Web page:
5. THE PASSION OF HARRY HOPKINS

Even in a town newly populated by go-getters, Hopkins stood out. Forty-two years old, lanky and slumped, with large, bright brown eyes animating a thin, almost concave face, he disdained the normal courtesies of politics and cared not a whit about the trappings of bureaucracy or status. His singular talent was for creating organizations on the fly, organizations free of complicated charts and tangles of responsibility. He worked to exhaustion and inspired others to do the same. And he believed with a fiery passion in the rights of the poor to decent treatment, rights that he expounded with sharp-tongued, impatient wit.

He had been poor himself, though not deprived. His father, David Aldona Hopkins, was a Sioux City harness maker when Harry was born in August 1890. When the harness shop failed two years later, Al Hopkins moved his wife, Anna, and four children, of whom Harry was the youngest, to Chicago, where he worked as a traveling salesman for a Milwaukee harness maker. In 1901, after the birth of a fifth child—there were now one daughter and four sons—the family returned to Iowa and settled in Grinnell, which Anna chose because of the college there. She was a sober and religious woman, active in Methodist church work that focused on helping the less fortunate. Al Hopkins, on the other hand, was a free spirit who indulged himself in luxuries and entertainments during his sales trips around the Midwest; good times were had when Al Hopkins was in town. In 1910, an accident settlement allowed him to stop traveling. He set up a new harness shop in Grinnell, became active in civic affairs, and pursued a passion for bowling, which also gave him an income in side bets. This was something he couldn’t talk about at home; Anna forbade it, and once Al had to sneak into the basement with Harry to show him $500 in bowling alley winnings. He also enjoyed taking self-important people down a peg; this and his taste for the good life were his chief legacies to his son.

Grinnell College solidified the egalitarian instincts Hopkins had learned from both his parents. The school, founded by Congregational ministers in 1846, was a fountain of Social Gospel Christianity, which taught that the greatest sin was selfishness. When he graduated from Grinnell in 1912, Hopkins left for New York to begin a career in social work. He had a job with Christodora House, one of the city’s settlement houses that ran various social, relief, and job placement programs, and he spent that summer in New Jersey overseeing a youth program. Then he hit New York. By night, he joined a claque of opera fans who traded their loud applause for free seats, and also guided out-of-town friends on tours of the city’s racy neighborhoods. By day, he got serious. As a “district visitor” at Christodora House, he went to the homes of poor people to assess their worthiness for aid. In the squalid tenements and teeming streets within his Lower East Side territory, the same neighborhoods that had produced Al Smith, Hopkins found a level of poverty he had never known existed. Over time, his understanding deepened. He began to bristle when he heard the jobless referred to as malingerers; obviously some were, but far more craved the opportunity to work. He also realized that forcing people to reveal just how poor they were in order to qualify for aid abused their dignity. He developed a low tolerance for the assumptions many people made about the poor, the conditions in which they lived, and the ways society treated them.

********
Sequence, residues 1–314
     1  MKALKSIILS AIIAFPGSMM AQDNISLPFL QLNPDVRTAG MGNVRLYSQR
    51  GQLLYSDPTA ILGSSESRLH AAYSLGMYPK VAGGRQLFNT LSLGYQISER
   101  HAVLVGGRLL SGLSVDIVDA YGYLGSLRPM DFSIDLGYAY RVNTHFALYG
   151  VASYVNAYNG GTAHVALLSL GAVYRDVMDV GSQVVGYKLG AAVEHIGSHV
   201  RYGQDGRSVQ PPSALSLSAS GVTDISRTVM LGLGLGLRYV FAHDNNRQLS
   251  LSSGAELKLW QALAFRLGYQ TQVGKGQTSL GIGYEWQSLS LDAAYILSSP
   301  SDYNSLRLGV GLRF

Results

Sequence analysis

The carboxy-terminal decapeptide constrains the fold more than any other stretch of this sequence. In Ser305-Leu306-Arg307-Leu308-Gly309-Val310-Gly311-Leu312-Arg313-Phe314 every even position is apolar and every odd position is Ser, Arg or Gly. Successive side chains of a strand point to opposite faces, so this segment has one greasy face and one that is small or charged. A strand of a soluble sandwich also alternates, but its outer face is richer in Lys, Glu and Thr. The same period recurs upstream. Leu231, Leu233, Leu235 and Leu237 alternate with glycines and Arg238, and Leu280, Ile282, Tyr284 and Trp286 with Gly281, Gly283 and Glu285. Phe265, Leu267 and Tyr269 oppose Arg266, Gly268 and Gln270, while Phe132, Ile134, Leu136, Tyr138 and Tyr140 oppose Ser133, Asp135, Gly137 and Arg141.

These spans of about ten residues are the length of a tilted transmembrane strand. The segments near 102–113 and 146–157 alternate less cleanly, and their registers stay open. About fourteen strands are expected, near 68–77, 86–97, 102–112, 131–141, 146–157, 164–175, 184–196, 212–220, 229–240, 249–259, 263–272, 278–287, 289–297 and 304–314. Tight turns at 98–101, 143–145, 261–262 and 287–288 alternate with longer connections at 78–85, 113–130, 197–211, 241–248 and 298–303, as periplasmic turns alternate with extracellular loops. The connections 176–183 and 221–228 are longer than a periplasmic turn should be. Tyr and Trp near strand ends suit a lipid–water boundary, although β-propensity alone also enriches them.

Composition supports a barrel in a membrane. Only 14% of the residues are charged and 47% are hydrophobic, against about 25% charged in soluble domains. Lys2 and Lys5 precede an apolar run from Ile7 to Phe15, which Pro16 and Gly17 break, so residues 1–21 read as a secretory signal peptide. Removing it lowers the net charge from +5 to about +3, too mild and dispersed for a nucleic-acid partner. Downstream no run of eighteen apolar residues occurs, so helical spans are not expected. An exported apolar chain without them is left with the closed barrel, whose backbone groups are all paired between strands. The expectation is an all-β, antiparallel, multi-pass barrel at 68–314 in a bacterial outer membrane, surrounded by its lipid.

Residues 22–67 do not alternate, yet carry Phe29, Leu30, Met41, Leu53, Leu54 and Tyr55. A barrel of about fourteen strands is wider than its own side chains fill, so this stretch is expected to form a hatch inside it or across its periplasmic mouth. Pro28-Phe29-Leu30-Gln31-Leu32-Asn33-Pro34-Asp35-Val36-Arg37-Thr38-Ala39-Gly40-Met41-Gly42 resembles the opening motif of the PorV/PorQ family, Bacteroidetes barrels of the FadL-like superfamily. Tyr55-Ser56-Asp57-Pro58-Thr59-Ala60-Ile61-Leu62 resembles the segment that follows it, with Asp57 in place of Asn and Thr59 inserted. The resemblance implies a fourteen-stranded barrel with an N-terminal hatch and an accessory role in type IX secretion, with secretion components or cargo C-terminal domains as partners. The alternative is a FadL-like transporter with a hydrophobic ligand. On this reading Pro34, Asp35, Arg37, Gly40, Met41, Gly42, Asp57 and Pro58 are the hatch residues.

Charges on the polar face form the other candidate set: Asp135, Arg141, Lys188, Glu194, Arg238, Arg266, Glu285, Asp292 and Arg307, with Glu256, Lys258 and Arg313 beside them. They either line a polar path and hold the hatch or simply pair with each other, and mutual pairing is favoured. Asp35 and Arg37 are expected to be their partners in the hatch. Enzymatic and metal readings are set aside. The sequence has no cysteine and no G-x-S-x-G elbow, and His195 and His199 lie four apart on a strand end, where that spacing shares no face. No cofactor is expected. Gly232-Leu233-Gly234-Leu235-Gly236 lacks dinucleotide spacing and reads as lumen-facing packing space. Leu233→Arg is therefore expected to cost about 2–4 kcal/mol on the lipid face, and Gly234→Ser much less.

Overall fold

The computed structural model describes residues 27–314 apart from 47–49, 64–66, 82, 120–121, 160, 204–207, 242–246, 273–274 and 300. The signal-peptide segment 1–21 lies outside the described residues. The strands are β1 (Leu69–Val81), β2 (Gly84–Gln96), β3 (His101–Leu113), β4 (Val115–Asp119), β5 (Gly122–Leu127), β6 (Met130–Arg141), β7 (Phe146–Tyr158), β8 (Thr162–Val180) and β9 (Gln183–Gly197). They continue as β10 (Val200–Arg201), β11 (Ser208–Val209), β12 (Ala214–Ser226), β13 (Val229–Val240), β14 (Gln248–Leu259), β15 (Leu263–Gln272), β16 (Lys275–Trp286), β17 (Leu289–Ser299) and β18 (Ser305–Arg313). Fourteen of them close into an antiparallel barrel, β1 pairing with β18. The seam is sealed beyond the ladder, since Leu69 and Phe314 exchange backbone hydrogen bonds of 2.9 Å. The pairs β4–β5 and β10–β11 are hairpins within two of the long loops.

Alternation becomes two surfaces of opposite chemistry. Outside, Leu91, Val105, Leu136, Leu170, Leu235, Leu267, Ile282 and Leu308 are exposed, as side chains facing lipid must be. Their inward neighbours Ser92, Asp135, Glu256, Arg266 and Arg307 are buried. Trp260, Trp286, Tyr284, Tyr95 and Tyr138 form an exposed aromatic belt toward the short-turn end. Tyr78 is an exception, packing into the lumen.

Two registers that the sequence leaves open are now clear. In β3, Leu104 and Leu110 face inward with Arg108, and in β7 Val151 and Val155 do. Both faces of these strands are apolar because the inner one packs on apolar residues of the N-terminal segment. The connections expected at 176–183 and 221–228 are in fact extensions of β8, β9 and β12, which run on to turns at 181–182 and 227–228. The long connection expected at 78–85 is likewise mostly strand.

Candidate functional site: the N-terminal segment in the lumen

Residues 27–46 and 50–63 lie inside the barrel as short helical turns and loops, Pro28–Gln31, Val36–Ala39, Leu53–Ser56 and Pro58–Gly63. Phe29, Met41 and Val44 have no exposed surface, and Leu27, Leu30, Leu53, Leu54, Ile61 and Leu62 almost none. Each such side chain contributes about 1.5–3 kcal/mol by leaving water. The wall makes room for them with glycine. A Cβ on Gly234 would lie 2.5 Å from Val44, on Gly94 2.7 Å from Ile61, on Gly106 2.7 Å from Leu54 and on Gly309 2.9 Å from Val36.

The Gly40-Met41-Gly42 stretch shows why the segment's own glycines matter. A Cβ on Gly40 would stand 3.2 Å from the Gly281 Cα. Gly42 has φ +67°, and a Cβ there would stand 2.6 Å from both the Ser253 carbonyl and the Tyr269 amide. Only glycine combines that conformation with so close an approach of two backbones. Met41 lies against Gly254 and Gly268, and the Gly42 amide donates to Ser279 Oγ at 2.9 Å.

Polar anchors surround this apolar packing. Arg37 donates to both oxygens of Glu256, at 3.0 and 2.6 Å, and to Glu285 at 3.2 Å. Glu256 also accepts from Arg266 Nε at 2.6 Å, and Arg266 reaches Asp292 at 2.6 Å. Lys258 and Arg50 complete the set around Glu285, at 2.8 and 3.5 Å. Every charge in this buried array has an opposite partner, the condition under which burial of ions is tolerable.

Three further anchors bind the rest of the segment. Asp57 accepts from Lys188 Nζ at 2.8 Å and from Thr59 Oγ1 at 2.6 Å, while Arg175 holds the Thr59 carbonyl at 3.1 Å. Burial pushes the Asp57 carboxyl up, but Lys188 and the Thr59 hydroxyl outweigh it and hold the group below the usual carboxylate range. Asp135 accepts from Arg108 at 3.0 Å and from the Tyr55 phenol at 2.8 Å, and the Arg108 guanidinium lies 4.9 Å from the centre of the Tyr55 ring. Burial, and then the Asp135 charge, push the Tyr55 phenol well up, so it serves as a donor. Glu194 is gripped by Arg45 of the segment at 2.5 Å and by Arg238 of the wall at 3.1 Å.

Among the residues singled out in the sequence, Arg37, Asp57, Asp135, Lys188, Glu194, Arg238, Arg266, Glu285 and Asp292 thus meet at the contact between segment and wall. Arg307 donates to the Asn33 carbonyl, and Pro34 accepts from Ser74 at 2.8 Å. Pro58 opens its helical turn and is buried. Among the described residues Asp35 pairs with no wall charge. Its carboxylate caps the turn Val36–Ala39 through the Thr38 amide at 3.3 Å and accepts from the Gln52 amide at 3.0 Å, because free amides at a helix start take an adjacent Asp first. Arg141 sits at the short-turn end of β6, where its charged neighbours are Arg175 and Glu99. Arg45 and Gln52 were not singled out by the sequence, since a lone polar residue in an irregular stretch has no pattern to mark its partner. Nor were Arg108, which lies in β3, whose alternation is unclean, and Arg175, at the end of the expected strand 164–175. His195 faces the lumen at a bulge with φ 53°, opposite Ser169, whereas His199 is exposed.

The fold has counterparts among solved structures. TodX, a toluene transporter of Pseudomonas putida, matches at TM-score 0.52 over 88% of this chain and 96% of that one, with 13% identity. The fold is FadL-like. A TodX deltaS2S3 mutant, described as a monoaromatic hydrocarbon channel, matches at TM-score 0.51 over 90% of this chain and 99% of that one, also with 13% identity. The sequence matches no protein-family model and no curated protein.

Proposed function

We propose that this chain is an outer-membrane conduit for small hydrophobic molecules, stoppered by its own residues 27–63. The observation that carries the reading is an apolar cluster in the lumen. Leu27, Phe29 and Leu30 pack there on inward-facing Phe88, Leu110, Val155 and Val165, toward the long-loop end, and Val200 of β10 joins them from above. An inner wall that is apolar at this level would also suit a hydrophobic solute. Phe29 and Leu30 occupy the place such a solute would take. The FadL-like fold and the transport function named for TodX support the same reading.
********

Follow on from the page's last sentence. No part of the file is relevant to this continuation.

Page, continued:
Bright, committed, and in a hurry, Hopkins moved quickly. He left Christodora House after nine months to work for the Association for Improving the Condition of the Poor (AICP), New York City’s oldest social welfare agency. The AICP administered a wide range of programs, and in less than three years Hopkins moved from its employment bureau to relief supervisor for the Lower East Side to supervisor of the agency’s Fresh Air Hospital, a tuberculosis clinic. In 1915, New York’s Progressive mayor, John Purroy Mitchel, appointed Hopkins’s boss at the AICP, John A. Kingsbury, to be commissioner of public charities. Kingsbury brought Hopkins into city government as executive secretary of the new Board of Child Welfare, and there, still in his twenties, he built from scratch an effective organization to deliver relief to mothers with dependent children.

When Tammany Hall ousted Mitchel two years later, Hopkins left the city to work for the Red Cross. During five years there, he headed disaster relief in the middle Gulf states, and then civilian relief focused on the families of men serving in the world war. He worked long hours and gained a reputation both for delivering relief and for inspiring those under him. By the time he was thirty, he was heading the relief program in the Red Cross’s ten-state southern division. In 1922, he returned to New York, and the next year was appointed director of the New York Tuberculosis and Health Association. In the meantime he helped found the American Association of Social Workers and served as its president. And when the depression hit and began to take its toll on jobs in New York City, he volunteered his free time to help his friend Bill Matthews, with whom he had worked at the AICP, try to find jobs for the unemployed through the city’s Emergency Work Bureau.